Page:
Dancers need to be realistic and thoughtful. In this way, spacing out your intensives may be most beneficial. “Interspersing rest, downtime and family time with intense dancing schedules is probably the best way to get the best of both worlds,” says Mercer. “This allows the dancing batteries to recharge, making it easier to push through boundaries and develop mental toughness while also allowing time to recover and remain mindful of any potential physical problems.”

LeeAnaca Moore performs a giant jeté in a second split position onstage at a ballet competition, and holds her arms out to the sides. She wears a pink tutu and tiara, brown tights, and brown pointe shoes and dances in front of a blue backdrop.
LeeAnaca Moore, shown here performing at the Universal Ballet Competition, is attending three intensives this summer. Photo by Miranda Jade Photography, courtesy UBC.

Abrera also advises dancers to build strength prior to their intensives to help avoid injury. “There are certain exercises dancers can start applying a few months in advance—start doing more heel raises for example,” says Abrera. Cross-training can include exercises for the core muscles (like Pilates), resistance-band exercises for the feet and ankles, and performing slow, controlled relevés.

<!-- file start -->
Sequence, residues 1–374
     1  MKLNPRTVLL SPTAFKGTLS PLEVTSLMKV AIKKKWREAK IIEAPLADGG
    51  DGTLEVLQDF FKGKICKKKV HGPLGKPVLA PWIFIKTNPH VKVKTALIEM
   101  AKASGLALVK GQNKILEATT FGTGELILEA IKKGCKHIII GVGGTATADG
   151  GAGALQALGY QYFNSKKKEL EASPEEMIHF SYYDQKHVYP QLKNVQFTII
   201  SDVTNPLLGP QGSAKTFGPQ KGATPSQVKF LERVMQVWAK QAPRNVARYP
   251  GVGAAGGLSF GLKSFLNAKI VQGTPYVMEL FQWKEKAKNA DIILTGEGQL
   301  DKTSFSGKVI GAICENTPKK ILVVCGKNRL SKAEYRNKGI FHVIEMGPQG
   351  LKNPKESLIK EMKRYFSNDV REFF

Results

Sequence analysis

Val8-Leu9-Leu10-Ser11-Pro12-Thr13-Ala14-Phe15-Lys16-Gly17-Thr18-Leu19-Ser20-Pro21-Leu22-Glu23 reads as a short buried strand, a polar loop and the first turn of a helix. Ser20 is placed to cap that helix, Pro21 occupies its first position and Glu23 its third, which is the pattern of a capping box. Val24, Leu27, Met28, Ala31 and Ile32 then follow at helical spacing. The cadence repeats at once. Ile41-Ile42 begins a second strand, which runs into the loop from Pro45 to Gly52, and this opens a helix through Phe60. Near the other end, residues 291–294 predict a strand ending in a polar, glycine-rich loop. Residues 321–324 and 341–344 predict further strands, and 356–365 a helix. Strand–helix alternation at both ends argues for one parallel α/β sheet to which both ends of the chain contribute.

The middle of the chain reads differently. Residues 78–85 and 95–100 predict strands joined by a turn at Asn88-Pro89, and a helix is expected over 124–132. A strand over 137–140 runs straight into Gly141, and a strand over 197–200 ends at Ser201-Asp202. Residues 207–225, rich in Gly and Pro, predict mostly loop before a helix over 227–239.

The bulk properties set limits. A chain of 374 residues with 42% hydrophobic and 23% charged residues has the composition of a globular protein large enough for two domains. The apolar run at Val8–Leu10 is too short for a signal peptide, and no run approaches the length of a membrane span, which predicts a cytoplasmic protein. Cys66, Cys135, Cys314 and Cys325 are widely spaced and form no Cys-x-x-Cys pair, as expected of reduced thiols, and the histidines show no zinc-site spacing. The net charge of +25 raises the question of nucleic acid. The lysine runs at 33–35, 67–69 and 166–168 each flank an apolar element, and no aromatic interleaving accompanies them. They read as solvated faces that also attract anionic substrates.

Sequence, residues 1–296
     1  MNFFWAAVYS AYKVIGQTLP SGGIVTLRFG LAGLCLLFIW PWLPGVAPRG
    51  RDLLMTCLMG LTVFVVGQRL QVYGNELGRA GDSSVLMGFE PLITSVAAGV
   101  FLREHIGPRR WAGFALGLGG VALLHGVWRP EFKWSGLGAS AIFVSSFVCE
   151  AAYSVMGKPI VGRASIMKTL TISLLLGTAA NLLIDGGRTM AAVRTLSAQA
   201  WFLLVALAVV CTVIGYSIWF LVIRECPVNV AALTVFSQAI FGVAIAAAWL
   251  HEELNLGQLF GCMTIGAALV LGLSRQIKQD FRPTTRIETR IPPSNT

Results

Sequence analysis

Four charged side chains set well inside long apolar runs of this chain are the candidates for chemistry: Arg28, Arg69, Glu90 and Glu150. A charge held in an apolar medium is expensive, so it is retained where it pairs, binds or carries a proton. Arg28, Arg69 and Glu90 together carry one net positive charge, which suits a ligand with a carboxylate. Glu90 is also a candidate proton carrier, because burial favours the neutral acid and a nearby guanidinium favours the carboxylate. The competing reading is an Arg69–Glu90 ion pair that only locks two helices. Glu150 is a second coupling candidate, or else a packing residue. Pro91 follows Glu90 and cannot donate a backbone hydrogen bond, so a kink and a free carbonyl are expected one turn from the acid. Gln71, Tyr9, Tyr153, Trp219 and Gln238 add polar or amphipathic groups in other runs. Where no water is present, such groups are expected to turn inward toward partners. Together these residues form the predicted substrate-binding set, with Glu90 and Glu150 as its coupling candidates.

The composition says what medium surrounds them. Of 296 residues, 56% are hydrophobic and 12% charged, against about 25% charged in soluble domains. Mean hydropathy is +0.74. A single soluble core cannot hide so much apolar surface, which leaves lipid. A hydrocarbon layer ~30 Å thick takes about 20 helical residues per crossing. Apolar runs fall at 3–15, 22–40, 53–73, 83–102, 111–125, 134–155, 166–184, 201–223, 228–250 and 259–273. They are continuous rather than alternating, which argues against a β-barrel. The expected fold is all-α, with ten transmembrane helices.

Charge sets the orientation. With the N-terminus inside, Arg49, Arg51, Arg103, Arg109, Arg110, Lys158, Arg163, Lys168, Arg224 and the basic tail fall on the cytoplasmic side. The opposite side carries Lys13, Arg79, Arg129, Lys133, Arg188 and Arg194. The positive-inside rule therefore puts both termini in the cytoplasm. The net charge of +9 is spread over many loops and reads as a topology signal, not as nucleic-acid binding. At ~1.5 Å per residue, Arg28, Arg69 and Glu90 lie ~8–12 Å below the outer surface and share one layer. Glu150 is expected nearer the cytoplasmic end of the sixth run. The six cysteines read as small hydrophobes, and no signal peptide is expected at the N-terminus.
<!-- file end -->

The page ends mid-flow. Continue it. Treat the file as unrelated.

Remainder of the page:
Moore has done just that, incorporating conditioning and Pilates into her routine to help prepare for her busy summer ahead. “Doing more than one summer intensive can give you multiple perspectives of different dance studios—their expectations, procedures and daily routine,” says Moore. “I believe the labor and time are worth the energy!”